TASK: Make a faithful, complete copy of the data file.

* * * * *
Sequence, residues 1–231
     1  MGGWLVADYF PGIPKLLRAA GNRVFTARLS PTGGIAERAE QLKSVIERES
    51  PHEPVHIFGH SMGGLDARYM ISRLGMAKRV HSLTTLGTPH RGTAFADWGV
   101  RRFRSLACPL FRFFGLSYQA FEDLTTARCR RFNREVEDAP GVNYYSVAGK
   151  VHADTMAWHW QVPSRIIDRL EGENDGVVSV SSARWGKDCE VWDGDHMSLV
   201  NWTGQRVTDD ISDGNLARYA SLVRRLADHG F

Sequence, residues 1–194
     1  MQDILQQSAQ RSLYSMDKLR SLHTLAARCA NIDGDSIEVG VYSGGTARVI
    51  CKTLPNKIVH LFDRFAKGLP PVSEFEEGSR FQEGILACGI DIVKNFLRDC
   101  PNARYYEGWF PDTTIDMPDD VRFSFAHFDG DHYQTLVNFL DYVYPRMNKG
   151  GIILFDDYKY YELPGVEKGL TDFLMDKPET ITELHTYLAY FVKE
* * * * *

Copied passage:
Sequence, residues 1–231
     1  MGGWLVADYF PGIPKLLRAA GNRVFTARLS PTGGIAERAE QLKSVIERES
    51  PHEPVHIFGH SMGGLDARYM ISRLGMAKRV HSLTTLGTPH RGTAFADWGV
   101  RRFRSLACPL FRFFGLSYQA FEDLTTARCR RFNREVEDAP GVNYYSVAGK
   151  VHADTMAWHW QVPSRIIDRL EGENDGVVSV SSARWGKDCE VWDGDHMSLV
   201  NWTGQRVTDD ISDGNLARYA SLVRRLADHG F

Sequence, residues 1–194
     1  MQDILQQSAQ RSLYSMDKLR SLHTLAARCA NIDGDSIEVG VYSGGTARVI
    51  CKTLPNKIVH LFDRFAKGLP PVSEFEEGSR FQEGILACGI DIVKNFLRDC
   101  PNARYYEGWF PDTTIDMPDD VRFSFAHFDG DHYQTLVNFL DYVYPRMNKG
   151  GIILFDDYKY YELPGVEKGL TDFLMDKPET ITELHTYLAY FVKE